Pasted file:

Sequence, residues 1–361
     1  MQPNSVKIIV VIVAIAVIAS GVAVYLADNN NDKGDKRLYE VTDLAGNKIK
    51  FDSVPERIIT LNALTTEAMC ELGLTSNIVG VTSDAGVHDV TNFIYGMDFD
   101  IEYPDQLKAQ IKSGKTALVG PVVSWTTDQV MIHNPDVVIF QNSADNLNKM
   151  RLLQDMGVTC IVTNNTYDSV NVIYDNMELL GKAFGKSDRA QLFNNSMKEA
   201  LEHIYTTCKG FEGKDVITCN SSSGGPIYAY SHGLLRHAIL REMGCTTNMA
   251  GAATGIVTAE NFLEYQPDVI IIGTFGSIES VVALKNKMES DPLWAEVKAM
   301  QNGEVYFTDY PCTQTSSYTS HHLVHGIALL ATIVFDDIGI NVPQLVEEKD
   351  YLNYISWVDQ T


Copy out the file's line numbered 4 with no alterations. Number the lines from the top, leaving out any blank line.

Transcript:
   101  IEYPDQLKAQ IKSGKTALVG PVVSWTTDQV MIHNPDVVIF QNSADNLNKM